Grams of Carbohydrates: 23g
g Net Carbs: 22g
12″ Low-Carb Tortillas (average):
Grams of Carbohydrates: 19g
g Net Carbs: 4g
The Low Carb Tortillas look like they might be a great option just looking at the net carbs, but I promise they're not!
Why Store Bought Low Carb Tortillas Aren't The Smart Choice
Unfortunately, while low carb pre-made tortillas may seem like a great idea that takes no time at all to make, they have some VERY problematic ingredients.
It is up to you to decide which ingredients you will include in your diet, but below I've provided an explanation for each problematic ingredient so you can decide for yourself.
Modified Food Starch: commonly reported to cause allergies, headaches, diarrhea, bloating, other forms of digestive distress, fatigue, and more. (Source)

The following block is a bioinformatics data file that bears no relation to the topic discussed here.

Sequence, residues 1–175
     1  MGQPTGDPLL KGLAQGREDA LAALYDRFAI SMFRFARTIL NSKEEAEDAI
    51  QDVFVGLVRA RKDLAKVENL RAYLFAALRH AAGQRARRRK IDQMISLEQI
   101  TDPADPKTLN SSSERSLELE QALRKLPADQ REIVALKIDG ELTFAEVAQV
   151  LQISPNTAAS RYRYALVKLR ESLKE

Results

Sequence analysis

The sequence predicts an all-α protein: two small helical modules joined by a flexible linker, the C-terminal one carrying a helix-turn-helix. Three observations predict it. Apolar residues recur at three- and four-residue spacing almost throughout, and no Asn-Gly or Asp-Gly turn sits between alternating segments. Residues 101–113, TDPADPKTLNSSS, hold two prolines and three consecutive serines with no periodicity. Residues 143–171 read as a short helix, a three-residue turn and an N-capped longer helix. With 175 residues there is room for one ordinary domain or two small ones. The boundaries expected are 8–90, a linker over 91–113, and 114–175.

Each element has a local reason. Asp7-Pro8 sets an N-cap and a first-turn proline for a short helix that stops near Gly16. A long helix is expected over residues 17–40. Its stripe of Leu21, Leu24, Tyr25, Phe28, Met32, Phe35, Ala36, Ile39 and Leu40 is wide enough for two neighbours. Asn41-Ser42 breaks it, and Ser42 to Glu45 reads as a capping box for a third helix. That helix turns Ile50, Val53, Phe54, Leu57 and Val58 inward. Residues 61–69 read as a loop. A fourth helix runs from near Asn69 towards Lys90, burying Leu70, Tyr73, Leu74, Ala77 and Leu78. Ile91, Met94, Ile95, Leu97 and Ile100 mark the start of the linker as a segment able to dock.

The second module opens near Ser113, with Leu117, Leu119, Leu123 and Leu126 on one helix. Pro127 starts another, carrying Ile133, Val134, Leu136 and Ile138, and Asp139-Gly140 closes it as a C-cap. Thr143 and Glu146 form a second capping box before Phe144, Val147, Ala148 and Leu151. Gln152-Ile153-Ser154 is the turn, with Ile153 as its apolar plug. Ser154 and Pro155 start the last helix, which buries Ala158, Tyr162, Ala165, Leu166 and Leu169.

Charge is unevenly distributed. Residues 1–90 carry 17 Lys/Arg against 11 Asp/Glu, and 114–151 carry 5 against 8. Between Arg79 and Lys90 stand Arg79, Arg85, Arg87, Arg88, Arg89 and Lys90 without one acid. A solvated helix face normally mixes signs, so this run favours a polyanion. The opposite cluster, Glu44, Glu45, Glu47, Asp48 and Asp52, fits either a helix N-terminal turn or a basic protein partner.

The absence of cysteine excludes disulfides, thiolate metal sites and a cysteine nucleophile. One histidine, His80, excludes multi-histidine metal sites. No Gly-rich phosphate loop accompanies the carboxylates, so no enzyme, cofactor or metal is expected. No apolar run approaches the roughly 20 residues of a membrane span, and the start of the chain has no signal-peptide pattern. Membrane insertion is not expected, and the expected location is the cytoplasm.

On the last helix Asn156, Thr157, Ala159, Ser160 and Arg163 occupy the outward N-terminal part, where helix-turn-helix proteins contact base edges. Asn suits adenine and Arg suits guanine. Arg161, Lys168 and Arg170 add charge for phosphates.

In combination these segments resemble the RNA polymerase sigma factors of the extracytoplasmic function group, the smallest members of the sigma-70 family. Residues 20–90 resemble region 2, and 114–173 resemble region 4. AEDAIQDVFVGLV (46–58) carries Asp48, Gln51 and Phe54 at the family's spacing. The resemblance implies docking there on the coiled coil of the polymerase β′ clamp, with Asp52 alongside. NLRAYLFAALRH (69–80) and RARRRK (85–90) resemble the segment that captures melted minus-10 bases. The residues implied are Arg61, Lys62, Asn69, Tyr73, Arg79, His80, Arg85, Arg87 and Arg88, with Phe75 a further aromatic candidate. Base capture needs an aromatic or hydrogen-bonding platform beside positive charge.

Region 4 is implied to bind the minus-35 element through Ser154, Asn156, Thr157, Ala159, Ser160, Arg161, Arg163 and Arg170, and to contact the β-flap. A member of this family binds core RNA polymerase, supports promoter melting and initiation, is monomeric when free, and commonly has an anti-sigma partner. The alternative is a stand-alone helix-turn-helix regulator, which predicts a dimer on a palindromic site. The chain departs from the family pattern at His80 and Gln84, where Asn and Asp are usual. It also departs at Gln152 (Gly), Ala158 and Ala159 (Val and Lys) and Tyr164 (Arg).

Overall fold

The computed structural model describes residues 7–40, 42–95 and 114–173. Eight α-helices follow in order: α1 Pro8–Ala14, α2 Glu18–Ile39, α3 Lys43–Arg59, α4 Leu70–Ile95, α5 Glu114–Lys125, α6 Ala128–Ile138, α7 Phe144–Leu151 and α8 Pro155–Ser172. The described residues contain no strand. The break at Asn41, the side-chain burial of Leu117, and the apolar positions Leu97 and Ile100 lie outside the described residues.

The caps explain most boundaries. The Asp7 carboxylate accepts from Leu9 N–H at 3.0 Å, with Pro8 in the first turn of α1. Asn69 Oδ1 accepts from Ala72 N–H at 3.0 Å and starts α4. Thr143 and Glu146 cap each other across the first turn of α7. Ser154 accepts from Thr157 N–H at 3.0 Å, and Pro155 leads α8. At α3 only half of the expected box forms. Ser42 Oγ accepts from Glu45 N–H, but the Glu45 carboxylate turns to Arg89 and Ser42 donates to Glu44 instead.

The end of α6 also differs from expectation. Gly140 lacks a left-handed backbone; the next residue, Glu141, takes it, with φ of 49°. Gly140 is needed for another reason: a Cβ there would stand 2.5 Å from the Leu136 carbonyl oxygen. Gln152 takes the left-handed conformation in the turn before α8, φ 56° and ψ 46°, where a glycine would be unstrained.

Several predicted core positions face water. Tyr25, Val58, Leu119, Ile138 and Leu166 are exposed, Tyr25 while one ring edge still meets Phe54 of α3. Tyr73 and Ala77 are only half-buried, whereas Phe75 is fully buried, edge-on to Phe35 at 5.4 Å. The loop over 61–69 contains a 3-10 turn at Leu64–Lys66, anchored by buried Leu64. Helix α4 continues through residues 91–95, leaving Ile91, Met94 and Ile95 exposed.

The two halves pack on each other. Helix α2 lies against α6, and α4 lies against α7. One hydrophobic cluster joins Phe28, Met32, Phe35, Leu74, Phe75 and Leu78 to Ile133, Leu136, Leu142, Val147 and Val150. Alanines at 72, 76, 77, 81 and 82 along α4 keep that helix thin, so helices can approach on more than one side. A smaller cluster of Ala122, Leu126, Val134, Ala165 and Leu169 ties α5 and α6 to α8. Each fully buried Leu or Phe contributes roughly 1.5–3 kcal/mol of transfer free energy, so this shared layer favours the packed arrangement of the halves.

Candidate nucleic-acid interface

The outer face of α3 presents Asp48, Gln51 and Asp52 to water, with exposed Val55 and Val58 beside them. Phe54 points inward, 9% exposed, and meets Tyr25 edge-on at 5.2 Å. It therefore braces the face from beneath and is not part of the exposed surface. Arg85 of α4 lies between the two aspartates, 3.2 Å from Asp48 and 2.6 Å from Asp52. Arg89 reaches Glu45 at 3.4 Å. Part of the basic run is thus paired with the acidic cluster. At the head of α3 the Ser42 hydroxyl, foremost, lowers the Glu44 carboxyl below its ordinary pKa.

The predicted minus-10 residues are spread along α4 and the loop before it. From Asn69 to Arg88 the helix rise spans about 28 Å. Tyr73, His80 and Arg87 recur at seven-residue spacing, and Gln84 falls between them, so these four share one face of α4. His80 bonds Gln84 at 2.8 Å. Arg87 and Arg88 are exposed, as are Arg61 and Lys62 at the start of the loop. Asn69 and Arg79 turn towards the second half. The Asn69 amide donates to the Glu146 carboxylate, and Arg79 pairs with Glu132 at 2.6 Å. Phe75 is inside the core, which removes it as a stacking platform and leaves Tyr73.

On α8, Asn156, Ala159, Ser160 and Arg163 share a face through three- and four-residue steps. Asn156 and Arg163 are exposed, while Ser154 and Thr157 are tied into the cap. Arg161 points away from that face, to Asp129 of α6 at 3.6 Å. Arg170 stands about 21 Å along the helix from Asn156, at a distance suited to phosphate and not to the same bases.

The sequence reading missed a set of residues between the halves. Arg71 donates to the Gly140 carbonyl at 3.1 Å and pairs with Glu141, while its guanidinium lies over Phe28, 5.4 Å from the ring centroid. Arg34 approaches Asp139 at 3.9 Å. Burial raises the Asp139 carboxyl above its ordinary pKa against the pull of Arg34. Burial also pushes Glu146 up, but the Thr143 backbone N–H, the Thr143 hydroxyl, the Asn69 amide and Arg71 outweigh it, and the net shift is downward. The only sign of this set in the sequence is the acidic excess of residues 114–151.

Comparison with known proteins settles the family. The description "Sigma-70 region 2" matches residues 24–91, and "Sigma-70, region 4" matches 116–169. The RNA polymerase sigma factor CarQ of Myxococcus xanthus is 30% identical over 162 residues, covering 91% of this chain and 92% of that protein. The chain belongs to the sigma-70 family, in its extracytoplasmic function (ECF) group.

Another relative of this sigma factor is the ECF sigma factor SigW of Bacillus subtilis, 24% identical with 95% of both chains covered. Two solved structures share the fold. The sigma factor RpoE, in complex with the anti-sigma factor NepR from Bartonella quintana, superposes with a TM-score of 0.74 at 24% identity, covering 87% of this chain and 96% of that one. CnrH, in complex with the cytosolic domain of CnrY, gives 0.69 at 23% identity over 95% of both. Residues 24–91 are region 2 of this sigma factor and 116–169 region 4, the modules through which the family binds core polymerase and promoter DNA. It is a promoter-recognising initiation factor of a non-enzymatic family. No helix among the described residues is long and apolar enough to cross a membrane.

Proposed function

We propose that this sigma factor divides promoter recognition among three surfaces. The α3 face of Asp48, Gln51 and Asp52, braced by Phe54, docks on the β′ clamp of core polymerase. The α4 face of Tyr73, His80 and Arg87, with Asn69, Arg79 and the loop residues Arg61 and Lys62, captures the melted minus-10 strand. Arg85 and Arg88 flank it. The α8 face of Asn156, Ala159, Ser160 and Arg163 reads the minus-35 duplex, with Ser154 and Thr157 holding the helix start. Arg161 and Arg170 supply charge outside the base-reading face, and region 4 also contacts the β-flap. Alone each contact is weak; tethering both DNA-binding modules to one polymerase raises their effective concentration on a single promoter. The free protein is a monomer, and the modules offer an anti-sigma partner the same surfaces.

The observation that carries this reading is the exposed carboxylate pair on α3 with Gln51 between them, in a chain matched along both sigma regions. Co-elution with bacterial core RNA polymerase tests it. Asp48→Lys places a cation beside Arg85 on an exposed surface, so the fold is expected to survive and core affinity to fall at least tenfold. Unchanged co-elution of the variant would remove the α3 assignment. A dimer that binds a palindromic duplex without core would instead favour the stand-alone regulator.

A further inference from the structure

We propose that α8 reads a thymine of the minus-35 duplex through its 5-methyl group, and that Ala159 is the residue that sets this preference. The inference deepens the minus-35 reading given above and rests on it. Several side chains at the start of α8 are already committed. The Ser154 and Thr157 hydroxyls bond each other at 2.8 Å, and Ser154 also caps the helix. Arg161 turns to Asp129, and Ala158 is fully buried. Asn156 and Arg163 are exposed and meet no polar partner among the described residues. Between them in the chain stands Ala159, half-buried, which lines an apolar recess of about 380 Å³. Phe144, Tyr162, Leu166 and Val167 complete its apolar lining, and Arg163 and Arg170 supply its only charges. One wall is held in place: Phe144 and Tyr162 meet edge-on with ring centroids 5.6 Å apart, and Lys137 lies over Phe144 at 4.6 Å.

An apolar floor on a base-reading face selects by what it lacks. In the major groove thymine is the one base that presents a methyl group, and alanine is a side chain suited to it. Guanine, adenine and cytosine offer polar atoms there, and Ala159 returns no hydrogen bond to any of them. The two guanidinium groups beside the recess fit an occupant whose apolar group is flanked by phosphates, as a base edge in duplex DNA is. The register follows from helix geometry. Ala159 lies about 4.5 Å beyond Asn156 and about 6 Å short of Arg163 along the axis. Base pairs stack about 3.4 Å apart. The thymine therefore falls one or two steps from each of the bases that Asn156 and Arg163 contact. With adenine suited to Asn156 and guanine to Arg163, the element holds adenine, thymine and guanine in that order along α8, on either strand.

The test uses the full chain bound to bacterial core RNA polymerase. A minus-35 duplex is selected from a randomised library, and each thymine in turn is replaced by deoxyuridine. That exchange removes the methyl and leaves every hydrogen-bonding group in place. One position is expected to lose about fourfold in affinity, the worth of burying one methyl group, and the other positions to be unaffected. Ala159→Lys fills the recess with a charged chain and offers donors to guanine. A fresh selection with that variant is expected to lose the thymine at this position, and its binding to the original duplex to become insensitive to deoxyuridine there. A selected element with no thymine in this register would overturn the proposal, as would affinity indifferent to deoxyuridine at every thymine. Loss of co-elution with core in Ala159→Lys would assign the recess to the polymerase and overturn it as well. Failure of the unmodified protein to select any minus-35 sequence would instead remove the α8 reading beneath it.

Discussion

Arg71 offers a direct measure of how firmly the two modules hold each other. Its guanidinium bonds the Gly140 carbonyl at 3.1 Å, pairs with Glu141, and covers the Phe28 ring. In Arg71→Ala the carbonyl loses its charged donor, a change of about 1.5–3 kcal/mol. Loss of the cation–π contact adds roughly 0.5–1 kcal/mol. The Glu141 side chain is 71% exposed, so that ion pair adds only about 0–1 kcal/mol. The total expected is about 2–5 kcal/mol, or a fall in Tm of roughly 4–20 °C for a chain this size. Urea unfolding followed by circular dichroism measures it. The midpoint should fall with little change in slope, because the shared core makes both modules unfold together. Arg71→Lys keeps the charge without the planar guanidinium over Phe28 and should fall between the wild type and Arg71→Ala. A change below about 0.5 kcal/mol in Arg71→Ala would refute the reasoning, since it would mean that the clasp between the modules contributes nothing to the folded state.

Enriched Bleached White Flour: contains gluten, as well as a modern version of wheat flour that is harder to digest. Processed white flour has had the inner germ layer and the outer bran removed, which removes much of the vitamins, fiber, essential nutrients, and phytochemicals. can cause inflammation, which leads to weight gain, skin problems, and digestive issues, to name a few. (Source, Source)
Vital Wheat Gluten: pure gluten, so definitely not gluten free for those with celiac or gluten sensitivity. It is also highly processed, and unbalanced source of macronutrients, has been exposed to pesticides and herbicides, and can contribute to digestive issues, inflammation, and weight gain. (Source)